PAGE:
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Samuel Barber was a fine Baritone, nephew of a famous contralto Louise Homer and long-term partner of opera composer Gian Carlo Menotti. By all accounts he was an avid opera-goer and –lover. Therefore it seems odd that, his first opera, “Vanessa” was written when he was 48. It seems he took his preparations very seriously indeed. Commissioned by the Metropolitan in New York, its first performance was so successful it commissioned a second opera “Antony and Cleopatra”. After it’s first triumphant season at the Met, “Vanessa” was however unable to secure a regular foothold in the repertoire of the Met or elsewhere. “Antony and Cleopatra” suffered the same fate, despite a sumptuous first production by Franco Zefirelli. Barber and Rudolf Bing conceived the role of Vanessa for Maria Callas, and negotiations advanced well, but it is one of those historic might-have-beens that this never materialised.


Barber revised “Vanessa” in an attempt to make it more “user-friendly” and removed colloratura passages such as the “Skating Aria”, settling the “fach” of the leading lady as a lirico spinto.

 Video Clips of Vanessa

 San Diego Opera Talk with Nick Reveles: Vanessa – Inspired by a novel by Isak Dinesen (Karen Blixen: “Out of Africa”), Samuel Barber’s Vanessa was snubbed by “modern” composers. But its love story and lush, romantic music made it an instant hit with audiences and won Barber the Pulitzer Prize for Music. Nicolas Reveles hosts an intimate portrait of the opera and its creator. Series: “San Diego OperaTalk! with Nick Reveles” [11/2004] [Humanities] [Arts and Music] [Show ID: 8669]

 “Do not utter a word” – Eleanor Steber  – The creator of the role of Vanessa learnt the opera in 6 weeks after Sena Jurinac pulled out of the first production. She included the original colloratura aria which was later cut. She sang the role in the first recording of the opera, oposite Swedish tneor Nicolai Gedda. Steber also commissioned “Knoxville: Summer of 1915″ from Barber, and recorded it twice, both in its version for orchestra and piano. Here you can hear a live version with piano from Carnegie Hall.  The accompanist is her longtime accompanist Edwin Bittcliffe:  Knoxville: Summer of 1915” Part 1, Part 2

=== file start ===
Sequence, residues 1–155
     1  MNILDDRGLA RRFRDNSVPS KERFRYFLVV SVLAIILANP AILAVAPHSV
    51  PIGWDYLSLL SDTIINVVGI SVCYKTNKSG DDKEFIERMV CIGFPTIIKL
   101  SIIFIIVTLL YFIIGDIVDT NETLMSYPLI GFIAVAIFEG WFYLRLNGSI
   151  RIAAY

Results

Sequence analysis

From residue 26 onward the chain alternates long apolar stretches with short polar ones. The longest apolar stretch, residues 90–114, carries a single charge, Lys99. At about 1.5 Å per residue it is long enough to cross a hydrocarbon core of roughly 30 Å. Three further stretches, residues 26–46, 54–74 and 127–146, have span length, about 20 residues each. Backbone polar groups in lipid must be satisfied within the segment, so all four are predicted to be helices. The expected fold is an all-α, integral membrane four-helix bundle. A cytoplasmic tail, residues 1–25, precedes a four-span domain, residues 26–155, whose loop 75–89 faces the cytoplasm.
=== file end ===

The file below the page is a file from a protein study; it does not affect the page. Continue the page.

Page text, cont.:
“Do not utter a word” – Leontyne Price – One of the great interpretations

 ACT 1 excerpt: Kiri te Kanawa (Monte-Carlo) – Perhaps a surprising choice of casting, yet Kiri reveals the lyric side of the writing.

 ACT 2 excerpt: Kiri te Kanawa (Monte Carlo) 

ACT 3 Excerpt: Kiri Te Kanawa (Monte Carlo)

ACT 4 Exceprt: Kiri te Kanawa (Monte Carlo) 

“Must the winter come so soon” Erika’s first aria here sung by Mary Gayle Greene, who was a Met Audition winner, now teaching in North Carolina. Sung with Piano Accompaniment

  Lauren Flanigan: New York City Opera – an assumption of the role that surely needs to be recorded on CD

 Video Clips of Antony and Cleopatra

Barber’s attempts at extending the shelf-life of this opera included making a chamber-reduction of the score, as well as a translation into Italian.

 “Give me my robe” Leontyne Price

 “Give me my robe” Catherine Malfitano

 “Give me some music”: Catherine Malfitano

“Death of Enobarbus”: Eric Halfvarson

 “I am sick and sullen” Catherine Malfitano and R.Cowan Chicago 1991

 “O take those lips away: Catherine Malfitano and R.Cowan Chicago 1991

Barber also wrote a One-Act Opera “A hand of Bridge”

I hope to see more recordings and live performances of these powerful works.